Heikin Ashi Chart Explained - How It’s Different From the Normal Japanese Chart
Do the unending ups and downs of the Japanese candles, even in an obvious trend, creep you out? Perhaps, the Heikin-Ashi candles would work better for you.
A peculiarity of the traditional Japanese candles is that they show you the price as it is, which is a good thing. You can tell exactly how much the price has changed within a period, and you can base your analysis on that.
But the slight issue with traditional Japanese candles is that their brutal honesty can sometimes be overwhelming and confusing. For instance, there are just as many bullish candlesticks in the chart below as there are bearish ones on the minor trends.
To make things a little more complicated, the candlestick patterns are all over the place. There are bullish candlestick patterns in a clearly bullish trend next to their bearish counterparts. Novice traders may get confused about what signals to follow.
And for the most part, this is the problem Heikin Ashi candles solve.
What Is the Heikin Ashi Chart?
The Heikin Ashi is a financial market chart that uses candlesticks to denote price movements. And because of the way the values of the candlesticks are calculated, the Heikin Ashi appears to give smoother charts with green candles following one another on an uptrend and red candles queuing in a downtrend.
By the way, the Heikin Ashi and the normal candlestick chart both have Japanese origins. But for the sake of simplicity, we refer to the normal one as Japanese charts and the Heikin Ashi as is.
How the Heikin Ashi Is Calculated
Unlike the Japanese candlesticks, Heikin Ashi relies not only on the price movements of the current period. Instead, it uses the price data from previous and current periods.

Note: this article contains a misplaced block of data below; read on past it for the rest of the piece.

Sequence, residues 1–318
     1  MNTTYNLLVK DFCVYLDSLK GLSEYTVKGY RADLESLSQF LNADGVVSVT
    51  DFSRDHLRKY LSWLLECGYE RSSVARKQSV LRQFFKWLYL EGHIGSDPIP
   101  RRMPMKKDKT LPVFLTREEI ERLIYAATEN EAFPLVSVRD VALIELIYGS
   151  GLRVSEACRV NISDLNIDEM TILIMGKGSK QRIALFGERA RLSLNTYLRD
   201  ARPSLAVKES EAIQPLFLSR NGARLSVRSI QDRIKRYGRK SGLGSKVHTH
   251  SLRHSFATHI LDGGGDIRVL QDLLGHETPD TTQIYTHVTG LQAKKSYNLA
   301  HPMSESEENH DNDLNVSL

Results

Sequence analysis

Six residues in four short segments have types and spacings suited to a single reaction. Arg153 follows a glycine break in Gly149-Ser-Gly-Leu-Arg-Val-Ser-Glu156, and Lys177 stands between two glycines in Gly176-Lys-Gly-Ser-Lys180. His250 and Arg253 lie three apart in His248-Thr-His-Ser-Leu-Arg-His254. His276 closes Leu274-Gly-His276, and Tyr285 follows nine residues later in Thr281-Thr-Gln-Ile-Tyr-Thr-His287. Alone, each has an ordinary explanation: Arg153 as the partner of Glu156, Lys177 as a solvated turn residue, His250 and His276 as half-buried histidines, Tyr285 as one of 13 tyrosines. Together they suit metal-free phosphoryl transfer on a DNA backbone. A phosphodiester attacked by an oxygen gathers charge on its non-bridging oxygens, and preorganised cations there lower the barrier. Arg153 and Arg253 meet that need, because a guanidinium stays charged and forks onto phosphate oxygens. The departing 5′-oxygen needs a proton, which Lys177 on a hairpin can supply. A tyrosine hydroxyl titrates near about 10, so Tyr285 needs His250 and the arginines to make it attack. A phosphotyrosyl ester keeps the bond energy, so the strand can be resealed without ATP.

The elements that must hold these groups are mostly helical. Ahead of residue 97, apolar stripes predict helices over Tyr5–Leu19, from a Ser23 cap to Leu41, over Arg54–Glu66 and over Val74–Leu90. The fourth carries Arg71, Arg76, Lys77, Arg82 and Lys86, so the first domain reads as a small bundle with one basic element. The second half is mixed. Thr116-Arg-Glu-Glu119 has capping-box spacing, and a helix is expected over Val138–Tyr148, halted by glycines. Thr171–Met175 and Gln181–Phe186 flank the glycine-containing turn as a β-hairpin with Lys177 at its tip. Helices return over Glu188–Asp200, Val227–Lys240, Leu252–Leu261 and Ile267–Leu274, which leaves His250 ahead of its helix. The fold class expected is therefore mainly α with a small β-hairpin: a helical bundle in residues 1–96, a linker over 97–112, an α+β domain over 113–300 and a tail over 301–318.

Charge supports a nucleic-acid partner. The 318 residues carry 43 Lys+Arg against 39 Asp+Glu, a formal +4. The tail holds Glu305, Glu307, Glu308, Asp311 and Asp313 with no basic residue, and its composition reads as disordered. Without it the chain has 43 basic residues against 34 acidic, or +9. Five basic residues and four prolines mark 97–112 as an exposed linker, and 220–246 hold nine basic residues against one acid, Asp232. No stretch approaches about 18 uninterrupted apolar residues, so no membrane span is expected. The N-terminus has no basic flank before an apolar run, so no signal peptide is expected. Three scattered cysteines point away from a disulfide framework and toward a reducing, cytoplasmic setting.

But the Heikin Ashi is like Japanese candlesticks in that they both have bodies and wicks that extend from either vertical end of the bodies. This means they both have open, close, high, and low prices.
Here’s how these four parts of the Heikin Ashi candlesticks are calculated:
Open: (Previous Candlestick Open + Previous Candlestick Close) / 2
This refers to the average of the open and close prices of the previous candlesticks.
Close: (Open + Close + High + Low) / 4
The close value of the Heikin Ashi is the addition of the open, close, high, and low values of the current period, all divided by four.
High: The highest price among the current candle's open, close, and high.
Low: The lowest price among the current candle's open, close, and low.
Differences Between Normal Japanese Chart and Heikin Ashi Chart
Despite their similarities, these two have distinctive features that tell them apart. Let's look at some differences between the Heikin Ashi chart and the Japanese chart.
The Japanese charts give you actual price data as they unfold. As a result, they are susceptible to being choppy. That’s why you sometimes see as many red candlesticks following green candlesticks, irrespective of the trend. Heikin Ashi, on the other hand, smooths out the choppiness so that the chart is more likely to have only green candlesticks in an uptrend and red in a downtrend.
This is a Heikin Ashi chart:
As you may notice, the Heikin Ashi has more smoothness when compared with the normal chart.
It is easier to visualize the trends with the Heikin Ashi because of its smoothness. This is not a luxury the Japanese chart can offer you.
Another difference is the way the price data is displayed for both charts. The normal candles open at the opening price of the current period. Heikin Ashi, on the other hand, appears to open in the middle of the previous candle because of the way it is calculated.
Since they have different candlestick calculations, the way you would use one is different from how you would use the other.
For instance, the Heikin Ashi is a powerful tool in the hands of the swing trader, as it allows them to visualize the trend and get into positions easily. But it may not be as valuable in the hands of a day trader because it doesn’t give precise price data.
On the other hand, the normal chart is handy for the day trader because they can easily mark out precise entry, exit, and other crucial points using the candlestick.
Also, candlestick patterns and chart patterns work better on Japanese charts than on Heikin Ashi charts.
There you have it — the beauty of the Heikin Ashi chart. But while you’re here, check out how the normal candlestick chart differs from other chart types.